Finally, the article considers some countermeasures that might be taken by the designers of GloBe to confront the strategies described.
To my mind, the most interesting aspect of this article is the parallel between classical tax avoidance on the one hand and strategies that countries might adopt in response to the GloBE initiative on the other. Deferring income, accelerating deductions, pooling high-taxed income with low-taxed income in response to limitations on the foreign tax credit, and so forth are time-honored techniques for reducing tax liabilities. To protect their tax bases, countries tend to respond with specific or general anti-avoidance rules (SAARs and GAARs). Now, the article suggests, with the global community attempting to restrict the ability of countries to impose taxes as they wish, it is to be expected that countries (whether more developed or less developed, “high tax” or “low tax”) will adopt similar techniques to circumvent those restrictions. The article also intimates that to protect the GloBE structure, its drafters may need to consider countermeasures. Whether these will follow the pattern of familiar SAARS and GAARs remains to be seen.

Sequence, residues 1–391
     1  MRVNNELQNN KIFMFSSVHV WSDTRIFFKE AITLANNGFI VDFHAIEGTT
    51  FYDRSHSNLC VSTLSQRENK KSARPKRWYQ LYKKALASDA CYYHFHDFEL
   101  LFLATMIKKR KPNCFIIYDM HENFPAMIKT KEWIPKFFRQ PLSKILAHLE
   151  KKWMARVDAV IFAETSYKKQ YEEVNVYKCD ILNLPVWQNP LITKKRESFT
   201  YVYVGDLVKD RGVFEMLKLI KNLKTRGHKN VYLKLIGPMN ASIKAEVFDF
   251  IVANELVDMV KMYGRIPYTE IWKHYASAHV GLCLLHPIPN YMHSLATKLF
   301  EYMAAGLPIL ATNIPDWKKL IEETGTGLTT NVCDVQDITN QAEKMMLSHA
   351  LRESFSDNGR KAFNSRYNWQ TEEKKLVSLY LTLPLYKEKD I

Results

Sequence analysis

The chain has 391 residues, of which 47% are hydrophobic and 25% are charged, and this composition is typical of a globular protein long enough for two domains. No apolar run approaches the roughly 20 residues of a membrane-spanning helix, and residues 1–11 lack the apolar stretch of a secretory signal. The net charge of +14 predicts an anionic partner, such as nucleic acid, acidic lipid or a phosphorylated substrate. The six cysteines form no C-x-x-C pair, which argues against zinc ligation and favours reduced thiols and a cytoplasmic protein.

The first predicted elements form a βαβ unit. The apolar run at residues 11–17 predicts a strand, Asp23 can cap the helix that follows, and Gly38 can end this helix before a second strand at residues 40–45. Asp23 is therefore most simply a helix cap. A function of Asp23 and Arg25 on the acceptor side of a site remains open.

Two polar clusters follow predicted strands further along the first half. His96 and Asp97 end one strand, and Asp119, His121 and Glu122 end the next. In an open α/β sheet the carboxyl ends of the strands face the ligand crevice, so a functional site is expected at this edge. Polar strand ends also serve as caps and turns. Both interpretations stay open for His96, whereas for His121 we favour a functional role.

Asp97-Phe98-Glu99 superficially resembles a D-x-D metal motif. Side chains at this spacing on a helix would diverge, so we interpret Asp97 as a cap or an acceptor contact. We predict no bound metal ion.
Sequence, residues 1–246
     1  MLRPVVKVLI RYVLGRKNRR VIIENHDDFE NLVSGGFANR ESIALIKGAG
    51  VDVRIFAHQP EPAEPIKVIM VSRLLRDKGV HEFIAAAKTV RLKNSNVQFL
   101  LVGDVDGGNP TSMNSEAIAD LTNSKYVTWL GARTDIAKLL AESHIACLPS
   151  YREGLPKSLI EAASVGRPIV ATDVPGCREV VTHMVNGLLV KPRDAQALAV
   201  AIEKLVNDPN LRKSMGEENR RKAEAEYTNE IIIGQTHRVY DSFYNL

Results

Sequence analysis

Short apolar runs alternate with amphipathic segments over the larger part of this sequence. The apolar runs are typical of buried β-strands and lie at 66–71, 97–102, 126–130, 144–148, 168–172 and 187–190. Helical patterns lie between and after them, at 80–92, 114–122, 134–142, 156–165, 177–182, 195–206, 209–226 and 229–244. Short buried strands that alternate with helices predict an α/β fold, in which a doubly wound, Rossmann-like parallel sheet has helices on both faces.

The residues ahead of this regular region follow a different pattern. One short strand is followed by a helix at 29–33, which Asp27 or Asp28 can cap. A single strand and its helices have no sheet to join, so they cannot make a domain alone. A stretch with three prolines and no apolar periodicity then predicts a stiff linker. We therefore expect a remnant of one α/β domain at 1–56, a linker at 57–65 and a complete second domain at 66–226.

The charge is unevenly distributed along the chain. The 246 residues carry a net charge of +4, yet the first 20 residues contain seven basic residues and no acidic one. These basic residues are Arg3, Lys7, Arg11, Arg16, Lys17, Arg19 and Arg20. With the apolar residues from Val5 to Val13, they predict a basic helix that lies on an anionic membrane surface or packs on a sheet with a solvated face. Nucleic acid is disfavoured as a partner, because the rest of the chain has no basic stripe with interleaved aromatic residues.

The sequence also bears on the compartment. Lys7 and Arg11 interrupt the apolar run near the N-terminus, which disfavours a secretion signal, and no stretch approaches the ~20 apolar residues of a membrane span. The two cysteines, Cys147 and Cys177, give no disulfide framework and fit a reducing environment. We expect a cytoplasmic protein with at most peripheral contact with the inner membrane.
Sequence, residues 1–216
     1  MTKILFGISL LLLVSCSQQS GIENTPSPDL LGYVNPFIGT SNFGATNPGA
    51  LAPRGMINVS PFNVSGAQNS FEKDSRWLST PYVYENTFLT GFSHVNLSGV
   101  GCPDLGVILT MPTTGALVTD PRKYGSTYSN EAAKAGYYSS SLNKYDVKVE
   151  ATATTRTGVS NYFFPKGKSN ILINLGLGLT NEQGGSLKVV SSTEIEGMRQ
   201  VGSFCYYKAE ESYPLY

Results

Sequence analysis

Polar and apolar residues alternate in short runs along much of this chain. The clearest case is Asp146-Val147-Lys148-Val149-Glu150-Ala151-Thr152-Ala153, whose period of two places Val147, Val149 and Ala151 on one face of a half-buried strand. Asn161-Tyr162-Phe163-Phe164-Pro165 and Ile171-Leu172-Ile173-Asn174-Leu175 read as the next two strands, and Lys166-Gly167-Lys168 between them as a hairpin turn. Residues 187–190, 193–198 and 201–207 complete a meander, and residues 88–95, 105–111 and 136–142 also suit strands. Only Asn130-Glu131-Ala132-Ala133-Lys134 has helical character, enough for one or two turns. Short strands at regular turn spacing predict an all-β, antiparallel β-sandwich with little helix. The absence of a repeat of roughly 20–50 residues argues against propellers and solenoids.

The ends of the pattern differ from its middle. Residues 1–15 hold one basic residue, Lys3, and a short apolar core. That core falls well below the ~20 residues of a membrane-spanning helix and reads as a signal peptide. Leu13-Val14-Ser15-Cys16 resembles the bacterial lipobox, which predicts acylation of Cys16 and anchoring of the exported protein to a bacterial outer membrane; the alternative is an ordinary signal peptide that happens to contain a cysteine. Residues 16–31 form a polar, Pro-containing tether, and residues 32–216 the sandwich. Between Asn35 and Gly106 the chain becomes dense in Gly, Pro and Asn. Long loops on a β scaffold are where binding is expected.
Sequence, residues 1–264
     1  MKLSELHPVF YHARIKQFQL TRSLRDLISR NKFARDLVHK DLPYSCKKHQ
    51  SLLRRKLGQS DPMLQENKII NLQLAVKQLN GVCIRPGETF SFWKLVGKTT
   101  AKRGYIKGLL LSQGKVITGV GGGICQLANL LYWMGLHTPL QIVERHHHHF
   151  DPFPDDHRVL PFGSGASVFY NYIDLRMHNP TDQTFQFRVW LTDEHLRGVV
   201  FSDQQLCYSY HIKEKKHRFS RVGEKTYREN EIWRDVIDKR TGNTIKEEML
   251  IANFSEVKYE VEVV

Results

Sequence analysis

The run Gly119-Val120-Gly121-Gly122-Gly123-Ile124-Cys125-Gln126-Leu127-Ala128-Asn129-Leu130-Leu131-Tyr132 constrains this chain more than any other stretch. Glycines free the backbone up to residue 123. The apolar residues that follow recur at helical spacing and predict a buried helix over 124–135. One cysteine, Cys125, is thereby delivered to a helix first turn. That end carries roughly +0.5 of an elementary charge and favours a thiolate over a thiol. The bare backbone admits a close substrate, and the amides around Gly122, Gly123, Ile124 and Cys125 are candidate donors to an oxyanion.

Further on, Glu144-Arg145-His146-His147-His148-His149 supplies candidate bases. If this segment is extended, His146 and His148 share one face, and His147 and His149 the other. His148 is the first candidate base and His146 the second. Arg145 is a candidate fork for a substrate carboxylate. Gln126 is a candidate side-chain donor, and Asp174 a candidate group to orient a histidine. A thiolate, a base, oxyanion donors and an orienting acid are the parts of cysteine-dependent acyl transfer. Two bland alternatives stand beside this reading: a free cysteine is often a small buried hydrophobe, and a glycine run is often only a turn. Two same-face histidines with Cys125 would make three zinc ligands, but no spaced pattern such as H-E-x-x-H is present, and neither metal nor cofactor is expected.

Of course, reasonable minds may differ with regard to the lessons that we should learn from this parallelism. I will refrain from expressing my own opinion. My goal here was simply to point out the parallels and leave readers to draw their own conclusions.